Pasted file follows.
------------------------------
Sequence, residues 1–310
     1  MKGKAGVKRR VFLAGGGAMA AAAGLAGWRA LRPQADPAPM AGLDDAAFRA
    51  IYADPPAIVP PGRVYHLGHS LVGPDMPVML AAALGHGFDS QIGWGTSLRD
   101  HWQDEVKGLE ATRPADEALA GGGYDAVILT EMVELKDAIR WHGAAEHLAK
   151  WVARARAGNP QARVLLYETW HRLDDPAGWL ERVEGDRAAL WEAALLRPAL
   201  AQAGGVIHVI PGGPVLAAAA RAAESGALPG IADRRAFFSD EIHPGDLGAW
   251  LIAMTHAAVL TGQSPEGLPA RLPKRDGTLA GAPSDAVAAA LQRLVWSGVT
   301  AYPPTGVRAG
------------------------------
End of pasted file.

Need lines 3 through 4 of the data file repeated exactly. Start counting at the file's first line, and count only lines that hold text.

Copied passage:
    51  IYADPPAIVP PGRVYHLGHS LVGPDMPVML AAALGHGFDS QIGWGTSLRD
   101  HWQDEVKGLE ATRPADEALA GGGYDAVILT EMVELKDAIR WHGAAEHLAK